Ticktick is a simple and effective to-do list and general task manager that helps you organize your life. 

The drag and drop Kanban feature that Trello is renowned for is now on Desktop, which means the rollout will soon extend to mobile. It’s gunning for Todoist with every update. The developers always listen to feedback and deploy quick feature implementation. 

MKBHD has been singing the praises of this app, and I can attest to how functional and user-friendly it is. 


Key Features  

→Great interface with full calendar functionality 

→Subscription to third-party calendars (doesn’t offer 2-way sync with Google Calendar) 

→Ability to track activities and progress 

→The free plan has fewer lists, task counts, and habits. 

→Flexible, customized smart lists 

→Time duration tasks and Reminder for subtasks

→Pomodoro timer which you can bind to your tasks  

→Habit Tracker (they should add a timer and stats here)  

→Plan My Day feature 


3. Canva 

Screenshot of Canva


Canva is the easiest to use graphic design tool and photo-editing platform with free access to various design layouts. It is used to create custom graphics and high-quality photos.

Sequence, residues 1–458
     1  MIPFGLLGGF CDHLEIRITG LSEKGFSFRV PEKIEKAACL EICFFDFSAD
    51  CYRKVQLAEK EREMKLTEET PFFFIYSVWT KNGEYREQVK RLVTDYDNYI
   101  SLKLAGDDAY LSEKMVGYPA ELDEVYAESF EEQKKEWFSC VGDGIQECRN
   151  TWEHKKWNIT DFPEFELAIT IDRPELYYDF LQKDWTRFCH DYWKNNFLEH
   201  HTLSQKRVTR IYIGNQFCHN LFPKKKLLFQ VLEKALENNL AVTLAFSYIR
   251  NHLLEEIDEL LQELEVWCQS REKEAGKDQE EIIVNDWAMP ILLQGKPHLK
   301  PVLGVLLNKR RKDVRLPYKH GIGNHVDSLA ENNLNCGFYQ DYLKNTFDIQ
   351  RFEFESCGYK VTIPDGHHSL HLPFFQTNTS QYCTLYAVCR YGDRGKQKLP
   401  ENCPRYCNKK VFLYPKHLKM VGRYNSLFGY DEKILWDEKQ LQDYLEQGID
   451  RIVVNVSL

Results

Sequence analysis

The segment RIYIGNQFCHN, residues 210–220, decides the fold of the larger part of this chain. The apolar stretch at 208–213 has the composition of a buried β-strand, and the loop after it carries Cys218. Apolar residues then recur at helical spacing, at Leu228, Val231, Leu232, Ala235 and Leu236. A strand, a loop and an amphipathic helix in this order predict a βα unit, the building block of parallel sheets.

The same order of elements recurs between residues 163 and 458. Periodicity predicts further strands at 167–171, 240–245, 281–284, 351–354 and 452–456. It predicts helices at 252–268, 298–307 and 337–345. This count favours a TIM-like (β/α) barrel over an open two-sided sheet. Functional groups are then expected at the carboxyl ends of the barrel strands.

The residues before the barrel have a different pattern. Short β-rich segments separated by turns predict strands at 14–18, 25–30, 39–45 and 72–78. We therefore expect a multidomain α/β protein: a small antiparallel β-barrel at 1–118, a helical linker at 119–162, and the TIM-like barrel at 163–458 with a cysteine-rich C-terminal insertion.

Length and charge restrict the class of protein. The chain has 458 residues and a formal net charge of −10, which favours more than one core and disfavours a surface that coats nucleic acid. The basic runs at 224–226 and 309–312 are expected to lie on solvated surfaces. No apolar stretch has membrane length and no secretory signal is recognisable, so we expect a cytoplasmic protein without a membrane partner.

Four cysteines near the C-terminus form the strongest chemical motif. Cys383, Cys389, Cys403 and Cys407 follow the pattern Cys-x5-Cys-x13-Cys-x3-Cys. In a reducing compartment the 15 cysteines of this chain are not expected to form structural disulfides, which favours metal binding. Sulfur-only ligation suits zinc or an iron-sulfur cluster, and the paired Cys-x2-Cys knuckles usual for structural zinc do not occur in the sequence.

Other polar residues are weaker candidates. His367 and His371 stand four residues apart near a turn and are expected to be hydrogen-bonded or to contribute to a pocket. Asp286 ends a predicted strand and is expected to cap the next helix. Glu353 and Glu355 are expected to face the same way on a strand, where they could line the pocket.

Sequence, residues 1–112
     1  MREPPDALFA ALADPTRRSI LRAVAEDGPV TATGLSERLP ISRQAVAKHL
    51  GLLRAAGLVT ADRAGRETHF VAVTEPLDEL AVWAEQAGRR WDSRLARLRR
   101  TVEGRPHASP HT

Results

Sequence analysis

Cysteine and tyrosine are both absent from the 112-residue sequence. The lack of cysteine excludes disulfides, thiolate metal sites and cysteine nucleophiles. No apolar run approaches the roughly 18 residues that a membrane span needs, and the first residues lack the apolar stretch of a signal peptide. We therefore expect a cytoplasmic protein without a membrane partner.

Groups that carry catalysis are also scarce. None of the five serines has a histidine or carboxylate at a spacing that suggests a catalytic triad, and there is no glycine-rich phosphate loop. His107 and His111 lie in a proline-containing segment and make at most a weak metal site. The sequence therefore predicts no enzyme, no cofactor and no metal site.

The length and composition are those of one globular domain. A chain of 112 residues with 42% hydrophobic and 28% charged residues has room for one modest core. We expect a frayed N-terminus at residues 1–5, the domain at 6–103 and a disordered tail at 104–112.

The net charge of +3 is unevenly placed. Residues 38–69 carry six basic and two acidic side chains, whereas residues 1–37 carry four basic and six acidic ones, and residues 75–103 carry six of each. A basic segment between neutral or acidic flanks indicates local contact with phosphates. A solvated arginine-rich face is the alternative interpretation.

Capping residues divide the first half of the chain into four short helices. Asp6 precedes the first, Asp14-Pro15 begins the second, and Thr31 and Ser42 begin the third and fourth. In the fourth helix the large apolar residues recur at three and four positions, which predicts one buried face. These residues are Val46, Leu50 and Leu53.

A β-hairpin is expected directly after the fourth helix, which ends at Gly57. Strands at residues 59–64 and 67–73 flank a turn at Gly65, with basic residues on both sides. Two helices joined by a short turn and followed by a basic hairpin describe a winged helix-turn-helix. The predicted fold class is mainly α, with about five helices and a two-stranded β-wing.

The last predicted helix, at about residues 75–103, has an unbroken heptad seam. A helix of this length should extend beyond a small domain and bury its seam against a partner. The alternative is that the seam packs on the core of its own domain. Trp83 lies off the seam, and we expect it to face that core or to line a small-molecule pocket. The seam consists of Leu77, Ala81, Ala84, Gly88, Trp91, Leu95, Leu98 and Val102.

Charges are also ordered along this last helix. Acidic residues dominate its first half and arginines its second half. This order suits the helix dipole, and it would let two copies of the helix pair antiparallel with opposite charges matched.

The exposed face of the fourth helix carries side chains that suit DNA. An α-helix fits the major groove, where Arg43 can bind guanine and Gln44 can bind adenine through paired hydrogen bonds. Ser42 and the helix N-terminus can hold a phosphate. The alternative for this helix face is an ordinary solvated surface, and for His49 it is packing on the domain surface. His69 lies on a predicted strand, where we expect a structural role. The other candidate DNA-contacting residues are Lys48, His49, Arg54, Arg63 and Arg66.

It is a very efficient tool that can make you think you are a talented graphic designer when you’re just starting. I use it for the website and social media graphics and to learn illustrations and infographics. 

What sold me was the story told of the CEO Melanie Perkins, on the How I built this Podcast, who started her Canva journey at 19. She is now 31, and her success and creativity speak for themselves. At the time, I was struggling to create an infographic. 


Key Features 

→Quick to create and customize graphic designs 

→Easy user interface for beginners and professionals. 

→Variety of design layouts and templates to ease the design process 

→Upload feature for fonts and images 

→Drag and drop editor 

→Color code options 


4. Stitcher 

Screenshot of Stitcher Podcast App


An on-demand app that focuses on providing a memorable listener experience for radio shows and podcasts. 

Castbox is usually my substitute for finding Podcasts, not in Stitcher’s directory and the awesome in-audio search. 

They tweaked their design recently, which threw me off, but I’ve gotten used to it. One major issue I wish they work on is their search function, whose filter doesn’t give much. 


Key Features 

→Episode search – an in-show search bar when you swipe down a show page (iOS) and on the search bar (Android)

→Custom Playlists for different genres 

→Saved episodes feature for listening later.